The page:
For anyone who's wondered how (or even whether
) to cite blogs in formal academic medical papers, the National Library of Medicine / National Institutes of Health now provides a style guide
. They used Kidney Notes as one of the examples
. I'm honored.
KidneyNotes.com [blog on the Internet]. New York: KidneyNotes. c2006 - [cited 2007 May 16]. Available from: http://www.kidneynotes.com/.
Do I understand correctly that you do not refer to an article, but just to the weblog that features the article?
If so, I think it is a shame. If you refer to the article the reader can find the information much easier.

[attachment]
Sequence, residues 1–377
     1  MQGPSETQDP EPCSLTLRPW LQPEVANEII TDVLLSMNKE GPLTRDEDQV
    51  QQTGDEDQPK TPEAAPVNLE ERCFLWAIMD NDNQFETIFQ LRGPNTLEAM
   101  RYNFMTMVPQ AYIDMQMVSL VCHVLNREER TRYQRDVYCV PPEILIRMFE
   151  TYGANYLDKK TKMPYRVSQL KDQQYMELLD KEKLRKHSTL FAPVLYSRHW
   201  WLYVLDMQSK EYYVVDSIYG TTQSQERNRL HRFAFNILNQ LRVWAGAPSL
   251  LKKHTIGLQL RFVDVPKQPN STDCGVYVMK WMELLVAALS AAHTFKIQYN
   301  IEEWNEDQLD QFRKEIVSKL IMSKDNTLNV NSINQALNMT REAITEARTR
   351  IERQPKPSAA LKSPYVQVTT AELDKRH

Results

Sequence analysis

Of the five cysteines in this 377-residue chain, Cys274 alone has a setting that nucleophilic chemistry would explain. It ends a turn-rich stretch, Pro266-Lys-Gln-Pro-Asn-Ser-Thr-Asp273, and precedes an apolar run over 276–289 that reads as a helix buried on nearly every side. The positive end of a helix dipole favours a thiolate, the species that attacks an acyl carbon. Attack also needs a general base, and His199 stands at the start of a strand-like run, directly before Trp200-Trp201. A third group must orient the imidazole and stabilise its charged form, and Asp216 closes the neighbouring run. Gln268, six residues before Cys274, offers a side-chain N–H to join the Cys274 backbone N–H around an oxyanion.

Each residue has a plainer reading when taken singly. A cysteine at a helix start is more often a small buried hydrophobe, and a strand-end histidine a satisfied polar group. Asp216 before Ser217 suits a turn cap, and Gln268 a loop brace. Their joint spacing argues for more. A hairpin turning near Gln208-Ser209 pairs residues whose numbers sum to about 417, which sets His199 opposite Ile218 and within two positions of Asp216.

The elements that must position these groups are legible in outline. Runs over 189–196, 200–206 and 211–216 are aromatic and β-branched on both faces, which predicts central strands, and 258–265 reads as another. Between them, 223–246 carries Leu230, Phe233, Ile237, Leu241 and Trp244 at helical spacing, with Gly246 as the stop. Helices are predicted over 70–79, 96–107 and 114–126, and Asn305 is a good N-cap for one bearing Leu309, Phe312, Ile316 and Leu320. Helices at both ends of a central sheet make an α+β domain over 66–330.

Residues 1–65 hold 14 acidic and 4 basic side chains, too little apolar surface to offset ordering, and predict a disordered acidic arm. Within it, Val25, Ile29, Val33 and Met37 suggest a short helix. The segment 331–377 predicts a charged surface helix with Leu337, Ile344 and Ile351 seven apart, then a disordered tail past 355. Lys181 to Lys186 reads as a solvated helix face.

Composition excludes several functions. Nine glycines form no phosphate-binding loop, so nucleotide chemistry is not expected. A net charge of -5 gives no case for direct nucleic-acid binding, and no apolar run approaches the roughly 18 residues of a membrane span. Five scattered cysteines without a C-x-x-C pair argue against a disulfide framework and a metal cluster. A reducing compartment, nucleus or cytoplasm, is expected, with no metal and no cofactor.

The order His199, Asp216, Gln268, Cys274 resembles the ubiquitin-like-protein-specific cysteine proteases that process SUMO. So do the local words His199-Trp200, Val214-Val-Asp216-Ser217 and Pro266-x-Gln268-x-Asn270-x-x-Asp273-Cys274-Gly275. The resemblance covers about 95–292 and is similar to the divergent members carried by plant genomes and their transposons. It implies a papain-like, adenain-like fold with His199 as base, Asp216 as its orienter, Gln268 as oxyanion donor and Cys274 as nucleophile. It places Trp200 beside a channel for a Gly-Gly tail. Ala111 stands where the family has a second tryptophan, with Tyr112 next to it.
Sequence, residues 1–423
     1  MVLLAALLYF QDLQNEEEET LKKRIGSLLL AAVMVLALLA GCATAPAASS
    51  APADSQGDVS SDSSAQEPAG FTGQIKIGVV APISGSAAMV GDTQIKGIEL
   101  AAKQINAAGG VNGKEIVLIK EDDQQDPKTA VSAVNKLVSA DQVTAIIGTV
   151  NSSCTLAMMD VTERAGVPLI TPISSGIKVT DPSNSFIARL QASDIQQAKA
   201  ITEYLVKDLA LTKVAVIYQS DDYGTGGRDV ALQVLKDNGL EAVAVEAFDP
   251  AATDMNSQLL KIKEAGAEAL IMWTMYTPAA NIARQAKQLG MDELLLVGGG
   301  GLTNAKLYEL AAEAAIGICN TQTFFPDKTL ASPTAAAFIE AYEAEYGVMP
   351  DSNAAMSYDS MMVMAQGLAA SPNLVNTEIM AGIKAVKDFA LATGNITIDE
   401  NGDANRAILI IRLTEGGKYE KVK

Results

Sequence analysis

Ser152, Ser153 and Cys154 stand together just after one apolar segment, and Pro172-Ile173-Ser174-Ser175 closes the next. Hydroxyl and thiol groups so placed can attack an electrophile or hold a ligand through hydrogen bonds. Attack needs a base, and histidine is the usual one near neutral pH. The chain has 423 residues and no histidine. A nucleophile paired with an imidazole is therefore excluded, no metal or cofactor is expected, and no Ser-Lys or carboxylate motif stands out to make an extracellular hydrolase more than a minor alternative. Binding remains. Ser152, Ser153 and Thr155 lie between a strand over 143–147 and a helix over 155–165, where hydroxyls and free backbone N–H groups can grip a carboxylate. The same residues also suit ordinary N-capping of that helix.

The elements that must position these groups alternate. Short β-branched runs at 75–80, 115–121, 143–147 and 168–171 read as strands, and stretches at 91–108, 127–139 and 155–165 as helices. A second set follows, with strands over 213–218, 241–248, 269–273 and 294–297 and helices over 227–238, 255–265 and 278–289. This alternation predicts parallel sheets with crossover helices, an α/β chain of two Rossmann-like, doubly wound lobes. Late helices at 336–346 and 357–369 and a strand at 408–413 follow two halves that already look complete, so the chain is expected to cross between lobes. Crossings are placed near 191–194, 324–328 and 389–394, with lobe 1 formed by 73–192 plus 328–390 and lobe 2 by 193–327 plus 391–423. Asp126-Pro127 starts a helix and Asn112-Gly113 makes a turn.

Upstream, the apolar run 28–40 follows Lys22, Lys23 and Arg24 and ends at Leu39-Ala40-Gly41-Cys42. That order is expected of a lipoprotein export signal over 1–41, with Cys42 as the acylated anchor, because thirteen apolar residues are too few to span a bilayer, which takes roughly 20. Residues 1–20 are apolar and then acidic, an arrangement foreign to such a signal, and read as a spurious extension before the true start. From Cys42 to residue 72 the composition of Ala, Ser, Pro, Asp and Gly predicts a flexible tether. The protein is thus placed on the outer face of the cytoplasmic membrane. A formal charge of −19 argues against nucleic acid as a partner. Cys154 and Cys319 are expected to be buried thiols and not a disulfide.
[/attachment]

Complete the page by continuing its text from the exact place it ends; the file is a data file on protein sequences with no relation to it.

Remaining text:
You have arrived!
Jan: Many others have voiced the same complaint, e.g. at BoingBoing and elsewhere. I did a short roundup post including a link to someone else's unofficial but much more useful format.
Scott and Jan, inspired by the suggestions here and in your roundup post, I suggest the real categorization of content should reflect the fact that the major difference in content on the web is static vs, dynamic.
Citing blogs and wikis can be seen as just a special case of a database query, since that's what dynamic content really is.
I would appreciate your opinions on my discussion of the issue here.
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